6. Puting on latex gloves and sticking your finger up your ass twice a day is not as much fun as it sounds. This one has not actually yet been said out loud. It has been in my head for a couple of months. I have a literal pain in the ass and the choices were surgery or applying an ointment two times a day. I chose the latter and have been waiting for the right time and audience to use the line. Still waiting.
  7. Hello, I must be going. This was not actually said by a real person but by a character played originally by Groucho Marx in the play, and then the movie, Animal Crackers. The Goodman Theatre staged an extremely enjoyable version which we watched a few weeks ago.  The actors playing the roles originated by the Marx brothers were all very good with Joey Slotnick, who played Captain Spalding/Groucho being outstanding. And now, I must be going.

Good Friends Are Forever

This week I had the opportunity and the joy of reuniting with former long-term colleagues. I was in NY Monday night for a meeting the next day. Two of these former colleagues were  to be in the same meeting. They and four others just left their long time employer and started up a new company.  I had not seen any of them for close to 5 years which is when I had left the same long time employer but I had known some of them for over 20 years. In many ways we grew up together professionally. So I invited as many as could come to drinks and dinner.

Three came. Peter T showed up first. Peter is one of the top in his field. Most top people in this field have egos the size of football stadiums. Not Peter T. He is a great guy. Passionate about providing excellence to his clients. Has that classy-guy-on-the-street personality.  Great to be with. Hard to get his time or attention if you are not a client or working with him on a client. We have known each other for 29 years but until a few weeks ago when we spoke about our mutual client I had not heard from him in almost 5 years.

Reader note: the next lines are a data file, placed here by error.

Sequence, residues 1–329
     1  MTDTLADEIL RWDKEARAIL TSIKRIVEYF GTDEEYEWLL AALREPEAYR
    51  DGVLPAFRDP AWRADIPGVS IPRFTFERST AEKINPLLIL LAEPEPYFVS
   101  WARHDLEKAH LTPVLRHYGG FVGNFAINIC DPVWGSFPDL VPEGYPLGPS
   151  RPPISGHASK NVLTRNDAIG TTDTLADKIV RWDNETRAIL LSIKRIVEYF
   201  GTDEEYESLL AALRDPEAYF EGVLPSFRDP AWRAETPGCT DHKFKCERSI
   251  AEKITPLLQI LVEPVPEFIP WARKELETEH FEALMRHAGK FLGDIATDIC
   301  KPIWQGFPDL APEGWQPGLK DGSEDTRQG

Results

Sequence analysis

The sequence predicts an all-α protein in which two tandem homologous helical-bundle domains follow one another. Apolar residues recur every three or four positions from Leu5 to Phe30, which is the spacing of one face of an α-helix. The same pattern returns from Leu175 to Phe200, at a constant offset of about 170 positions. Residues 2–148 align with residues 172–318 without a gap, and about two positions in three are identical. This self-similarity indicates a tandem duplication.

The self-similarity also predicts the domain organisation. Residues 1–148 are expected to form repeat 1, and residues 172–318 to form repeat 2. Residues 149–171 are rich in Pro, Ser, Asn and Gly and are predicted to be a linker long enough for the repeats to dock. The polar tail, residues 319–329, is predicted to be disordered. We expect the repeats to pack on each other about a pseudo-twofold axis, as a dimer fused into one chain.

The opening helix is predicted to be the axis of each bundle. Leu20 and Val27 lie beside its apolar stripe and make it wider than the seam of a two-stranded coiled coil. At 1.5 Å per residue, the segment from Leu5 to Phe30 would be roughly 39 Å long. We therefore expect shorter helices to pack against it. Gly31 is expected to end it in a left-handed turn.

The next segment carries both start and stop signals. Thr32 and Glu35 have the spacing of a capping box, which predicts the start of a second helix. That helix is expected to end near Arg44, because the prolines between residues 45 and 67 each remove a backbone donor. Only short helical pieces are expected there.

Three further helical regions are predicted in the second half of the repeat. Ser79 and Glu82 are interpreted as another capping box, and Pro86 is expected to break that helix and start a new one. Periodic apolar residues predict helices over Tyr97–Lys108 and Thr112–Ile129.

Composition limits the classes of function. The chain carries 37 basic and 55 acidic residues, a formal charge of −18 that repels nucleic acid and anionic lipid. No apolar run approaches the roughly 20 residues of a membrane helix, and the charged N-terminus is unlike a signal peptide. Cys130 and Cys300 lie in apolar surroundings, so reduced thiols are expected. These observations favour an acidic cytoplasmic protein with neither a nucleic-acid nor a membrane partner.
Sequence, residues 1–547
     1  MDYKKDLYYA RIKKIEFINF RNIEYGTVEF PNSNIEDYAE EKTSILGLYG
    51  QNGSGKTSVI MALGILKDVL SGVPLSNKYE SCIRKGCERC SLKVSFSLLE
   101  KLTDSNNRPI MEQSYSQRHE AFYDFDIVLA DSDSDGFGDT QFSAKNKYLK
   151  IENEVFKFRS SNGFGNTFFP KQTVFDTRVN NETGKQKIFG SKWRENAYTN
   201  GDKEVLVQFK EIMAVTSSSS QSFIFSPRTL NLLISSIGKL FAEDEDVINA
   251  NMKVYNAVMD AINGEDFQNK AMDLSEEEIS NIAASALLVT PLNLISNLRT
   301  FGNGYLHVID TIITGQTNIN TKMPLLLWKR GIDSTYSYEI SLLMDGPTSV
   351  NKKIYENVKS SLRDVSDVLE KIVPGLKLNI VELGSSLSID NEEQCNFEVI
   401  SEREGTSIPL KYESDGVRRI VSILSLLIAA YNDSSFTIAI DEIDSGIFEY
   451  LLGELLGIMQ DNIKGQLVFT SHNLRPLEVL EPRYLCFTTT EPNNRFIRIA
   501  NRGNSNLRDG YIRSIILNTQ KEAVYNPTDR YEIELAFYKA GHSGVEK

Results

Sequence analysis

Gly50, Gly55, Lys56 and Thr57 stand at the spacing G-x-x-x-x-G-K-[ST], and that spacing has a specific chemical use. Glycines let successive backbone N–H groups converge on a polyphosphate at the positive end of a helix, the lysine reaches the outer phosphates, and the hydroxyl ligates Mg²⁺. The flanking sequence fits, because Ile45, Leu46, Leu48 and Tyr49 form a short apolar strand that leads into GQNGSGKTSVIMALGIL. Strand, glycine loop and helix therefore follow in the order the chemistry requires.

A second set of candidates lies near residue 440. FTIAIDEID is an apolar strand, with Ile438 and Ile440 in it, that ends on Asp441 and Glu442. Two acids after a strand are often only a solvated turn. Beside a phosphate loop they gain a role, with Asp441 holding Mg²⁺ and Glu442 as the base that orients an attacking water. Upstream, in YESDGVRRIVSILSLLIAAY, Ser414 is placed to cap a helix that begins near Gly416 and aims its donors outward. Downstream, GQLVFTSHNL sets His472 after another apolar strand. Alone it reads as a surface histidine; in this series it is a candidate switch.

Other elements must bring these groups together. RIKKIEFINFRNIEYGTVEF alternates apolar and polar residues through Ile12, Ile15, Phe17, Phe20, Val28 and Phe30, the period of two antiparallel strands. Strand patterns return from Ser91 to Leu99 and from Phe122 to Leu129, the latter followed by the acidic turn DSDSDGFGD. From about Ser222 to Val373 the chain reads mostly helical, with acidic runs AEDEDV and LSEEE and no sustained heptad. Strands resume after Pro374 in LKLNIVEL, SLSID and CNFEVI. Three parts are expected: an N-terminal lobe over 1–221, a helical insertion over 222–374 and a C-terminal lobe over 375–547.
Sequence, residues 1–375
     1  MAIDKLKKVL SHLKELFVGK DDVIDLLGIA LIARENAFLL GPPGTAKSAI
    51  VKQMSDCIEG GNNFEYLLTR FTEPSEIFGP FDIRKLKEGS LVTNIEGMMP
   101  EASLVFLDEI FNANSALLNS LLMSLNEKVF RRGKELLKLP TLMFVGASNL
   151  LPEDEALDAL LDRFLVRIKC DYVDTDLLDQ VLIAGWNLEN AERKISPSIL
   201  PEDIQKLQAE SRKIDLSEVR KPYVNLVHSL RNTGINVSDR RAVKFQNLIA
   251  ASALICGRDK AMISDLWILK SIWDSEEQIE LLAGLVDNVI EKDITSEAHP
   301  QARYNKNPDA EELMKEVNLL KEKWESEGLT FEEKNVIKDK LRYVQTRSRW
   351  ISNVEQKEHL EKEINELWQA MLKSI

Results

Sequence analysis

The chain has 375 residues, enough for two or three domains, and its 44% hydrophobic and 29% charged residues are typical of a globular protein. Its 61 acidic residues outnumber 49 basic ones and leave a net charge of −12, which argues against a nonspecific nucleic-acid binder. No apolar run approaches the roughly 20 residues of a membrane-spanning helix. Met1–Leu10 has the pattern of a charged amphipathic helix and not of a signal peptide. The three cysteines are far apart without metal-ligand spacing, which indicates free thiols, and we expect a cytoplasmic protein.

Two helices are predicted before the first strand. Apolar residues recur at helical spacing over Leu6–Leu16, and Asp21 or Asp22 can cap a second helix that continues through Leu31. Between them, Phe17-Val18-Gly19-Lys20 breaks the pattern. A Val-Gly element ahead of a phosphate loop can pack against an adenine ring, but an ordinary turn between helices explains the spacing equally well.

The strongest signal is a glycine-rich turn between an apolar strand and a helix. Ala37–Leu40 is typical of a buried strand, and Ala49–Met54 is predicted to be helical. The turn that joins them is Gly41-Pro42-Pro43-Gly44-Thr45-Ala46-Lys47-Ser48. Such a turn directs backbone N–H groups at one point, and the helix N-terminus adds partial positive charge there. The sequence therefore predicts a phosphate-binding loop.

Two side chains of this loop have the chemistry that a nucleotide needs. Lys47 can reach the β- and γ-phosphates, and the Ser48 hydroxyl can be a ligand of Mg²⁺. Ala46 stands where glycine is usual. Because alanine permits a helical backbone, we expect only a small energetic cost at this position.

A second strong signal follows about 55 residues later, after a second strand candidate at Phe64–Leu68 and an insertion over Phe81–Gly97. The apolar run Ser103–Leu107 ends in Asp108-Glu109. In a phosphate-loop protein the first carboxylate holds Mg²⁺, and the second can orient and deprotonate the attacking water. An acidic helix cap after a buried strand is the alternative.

For me, once you are “family” you stay that way. I have several friends that I no longer get to see with any kind of regularity. But if we share some History and we were close, we remain close as far as I am concerned.

When Peter T arrived, he was friendly. We shook hands. We had about 30 minutes together before others showed. It was good to have his undivided attention. He continually asked what was going on with me as I probed for information regarding his separation from our former firm. (I actually was hoping for detail and dirt but unfortunately Peter T is too classy to go down that road.) It took awhile for us to get to that ” it was like I had just seen you yesterday” feeling but we got there.

We were eventually joined by Rosie and Dan. Rosie and I also go back over 25 years and we had spoken several times since I left the old firm. Rosie is my favorite New Yorker. First, she sounds exactly like a New Yorker is expected to sound. She can be brash and tough but has a heart of gold and is one of the warmest people I know.

Dan is younger.  I met him maybe two years before I left the old firm. He and I had the chance to bond on a couple of internal projects. He is bright and full of that youthful enthusiasm that is but a dim memory for me. The best thing about Dan, OK not the best but I am excited, is that he recently grew a beard. There are very few people with beards in our profession. It may only be Dan and me for all I know.  We deal with heads of corporations and boards of directors. They tend towards the conservative. I grew mine in the late 1980s when business people wore suits and ties every day. I have been waiting for 25 years for someone to follow my lead. Thanks Dan.

Over a beers and cheeseburgers we caught up on current life and shared memories of old times and people we knew. It was great. It was one of those nights that makes one remember why you liked these people so much in the first place.  I believe they felt that way about me as well.

At the end of the night I got a big hug instead of a handshake from Peter T. Hugs all around.

As an added bonus Peter and Dan were part of my meeting with the client the next morning. Seemed just like old times.

Take A Chance

I was at a party last Thursday. A celebration. Celebrating the latest big step in the life of someone who takes chances. She is now the VP Human Resources of a major corporation. Pretty cool.

The people invited to this celebration were the extremely bright and chance taking people she knows. Many of these people she hired at one place or another. They made her look good. In return she made them better. They are off doing  great things. Some running their own business and others with much bigger jobs than before.